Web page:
Mr. Son didn’t say which assets he would sell, but analysts said to raise $41 billion he would have to look first at Alibaba and SoftBank’s majority stake in Japan’s third-largest cellphone carrier, called SoftBank Corp. SoftBank owns nearly half of the parent of Yahoo Japan, the country’s top internet portal.

SoftBank also expects to have a 24% stake in the company planned from the merger of Sprint Corp. and T-Mobile US Inc., a deal that was approved by a U.S. judge last month. SoftBank isn’t allowed to sell those shares for a number of years, but analysts say the company may try to find a way to take some cash out early.

Alibaba has held up relatively well compared with global markets overall, as has the Japanese mobile carrier. Earnings of e-commerce and telecommunications companies have been viewed as relatively resilient during the coronavirus pandemic.

Alibaba’s Hong Kong-listed shares, which were already trading lower on Monday, fell further after the SoftBank announcement and finished down 7.1%.

The asset-sale plan, though potentially good for holders of SoftBank’s debt and shares, could end up robbing the company of some of the qualities that made it attractive for investors, said Ichiro Yamada, executive officer for securities investment at Fukoku Mutual Life Insurance, which doesn’t have a stake in SoftBank.

“Part of SoftBank’s appeal was the idea that it would pile on leverage and invest in companies with superhigh returns like Alibaba or Yahoo,” he said.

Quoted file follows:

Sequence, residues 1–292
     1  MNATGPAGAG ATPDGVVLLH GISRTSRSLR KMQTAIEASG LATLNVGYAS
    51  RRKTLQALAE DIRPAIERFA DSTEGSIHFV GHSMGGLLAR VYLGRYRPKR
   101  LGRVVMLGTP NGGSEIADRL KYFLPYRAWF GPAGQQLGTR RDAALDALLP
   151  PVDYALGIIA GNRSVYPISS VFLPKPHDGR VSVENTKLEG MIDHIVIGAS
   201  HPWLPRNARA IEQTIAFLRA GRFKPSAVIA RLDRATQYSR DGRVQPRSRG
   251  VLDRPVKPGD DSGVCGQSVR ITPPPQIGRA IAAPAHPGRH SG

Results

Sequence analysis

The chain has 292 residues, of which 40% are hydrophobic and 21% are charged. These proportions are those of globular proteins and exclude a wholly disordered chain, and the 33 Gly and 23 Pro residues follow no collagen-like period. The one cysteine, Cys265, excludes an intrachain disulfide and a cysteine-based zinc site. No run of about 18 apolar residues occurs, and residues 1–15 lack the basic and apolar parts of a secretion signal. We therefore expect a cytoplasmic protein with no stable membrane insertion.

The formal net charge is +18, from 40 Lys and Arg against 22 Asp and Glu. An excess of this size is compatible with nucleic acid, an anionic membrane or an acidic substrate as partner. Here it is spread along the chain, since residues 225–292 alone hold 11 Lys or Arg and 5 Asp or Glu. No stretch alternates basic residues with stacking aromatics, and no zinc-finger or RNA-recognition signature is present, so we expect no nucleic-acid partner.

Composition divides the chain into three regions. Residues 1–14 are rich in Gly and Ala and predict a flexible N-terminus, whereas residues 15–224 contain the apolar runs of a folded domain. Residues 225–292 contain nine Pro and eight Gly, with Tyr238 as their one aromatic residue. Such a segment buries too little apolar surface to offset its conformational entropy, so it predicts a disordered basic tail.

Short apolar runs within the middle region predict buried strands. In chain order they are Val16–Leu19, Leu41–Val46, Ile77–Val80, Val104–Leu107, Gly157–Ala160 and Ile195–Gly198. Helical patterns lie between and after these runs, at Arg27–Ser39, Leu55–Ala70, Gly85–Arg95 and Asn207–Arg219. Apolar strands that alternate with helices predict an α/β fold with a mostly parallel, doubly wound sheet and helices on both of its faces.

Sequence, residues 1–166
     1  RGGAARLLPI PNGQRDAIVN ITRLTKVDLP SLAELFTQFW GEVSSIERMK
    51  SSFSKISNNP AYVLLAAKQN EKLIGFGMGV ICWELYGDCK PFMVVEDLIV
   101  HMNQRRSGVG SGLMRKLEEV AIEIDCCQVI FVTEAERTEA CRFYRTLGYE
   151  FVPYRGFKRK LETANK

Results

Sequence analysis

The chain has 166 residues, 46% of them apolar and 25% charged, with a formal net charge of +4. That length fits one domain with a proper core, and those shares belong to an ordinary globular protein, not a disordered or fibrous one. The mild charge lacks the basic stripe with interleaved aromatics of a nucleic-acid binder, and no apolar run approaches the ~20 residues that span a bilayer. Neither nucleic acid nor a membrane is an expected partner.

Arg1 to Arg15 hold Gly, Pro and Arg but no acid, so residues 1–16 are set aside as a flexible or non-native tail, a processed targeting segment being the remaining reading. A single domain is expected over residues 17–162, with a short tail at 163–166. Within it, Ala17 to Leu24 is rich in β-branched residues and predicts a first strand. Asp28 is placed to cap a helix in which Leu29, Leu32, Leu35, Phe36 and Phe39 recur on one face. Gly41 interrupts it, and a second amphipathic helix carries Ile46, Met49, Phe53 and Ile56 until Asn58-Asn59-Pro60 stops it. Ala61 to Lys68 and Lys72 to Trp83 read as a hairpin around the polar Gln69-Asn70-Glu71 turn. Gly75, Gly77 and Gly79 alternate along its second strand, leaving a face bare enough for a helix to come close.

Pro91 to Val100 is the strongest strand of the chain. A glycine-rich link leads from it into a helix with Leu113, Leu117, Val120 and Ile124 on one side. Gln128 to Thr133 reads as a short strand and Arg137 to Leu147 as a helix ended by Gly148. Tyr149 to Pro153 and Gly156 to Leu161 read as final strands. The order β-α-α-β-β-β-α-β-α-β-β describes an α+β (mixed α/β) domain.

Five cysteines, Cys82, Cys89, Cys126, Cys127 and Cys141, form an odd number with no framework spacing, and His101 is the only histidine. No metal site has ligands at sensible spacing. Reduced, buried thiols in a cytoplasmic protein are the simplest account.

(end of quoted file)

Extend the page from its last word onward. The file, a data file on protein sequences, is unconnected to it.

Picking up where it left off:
Mr. Son has chafed for years at what he sees as his company’s undervalued shares. At the end of last week, at the nadir of SoftBank’s recent stock fall, analysts at Sanford C. Bernstein estimated the value of the company’s assets per share was about three times the share price.

Investors and analysts say reasons for the gap include uneasiness over SoftBank’s transformation from a company primarily focused on selling mobile phone service into a tech-investment firm.

Companies on the S&P 500 have poured more than $5.3 trillion into repurchasing their own shares since 2010. WSJ explains how stock buybacks work, and why there’s debate over whether or not they’re good for the economy.

SoftBank’s debtholders are getting restive as well. On a consolidated basis, SoftBank had about ¥19 trillion yen ($173 billion) in debt as of the end of last year, although more than half was held by subsidiaries like Sprint, which SoftBank said it wasn’t on the hook for.

Soon after SoftBank announced its first share buyback on March 12, credit rater S&P Global downgraded the company’s outlook to negative, saying the move raised questions about SoftBank’s commitment to financial soundness. In recent days, as global credit markets have tanked, the prices of some of SoftBank’s bonds plummeted as well, while the price of a financial instrument offering protection against potential bankruptcy, known as a credit default swap, rose.

SoftBank said the planned asset sale would comprise only 20% of its holdings. That is important because the assets underpin not only the company’s credit rating but a range of loans and credit lines that SoftBank and the Vision Fund use for everything from operating capital to investor payouts.

In a move that addressed concerns of investors including Elliott for better governance and transparency, SoftBank also said its board hired a search firm to identify up to three independent director candidates to be nominated at this year’s annual general meeting of shareholders.

Write to Phred Dvorak at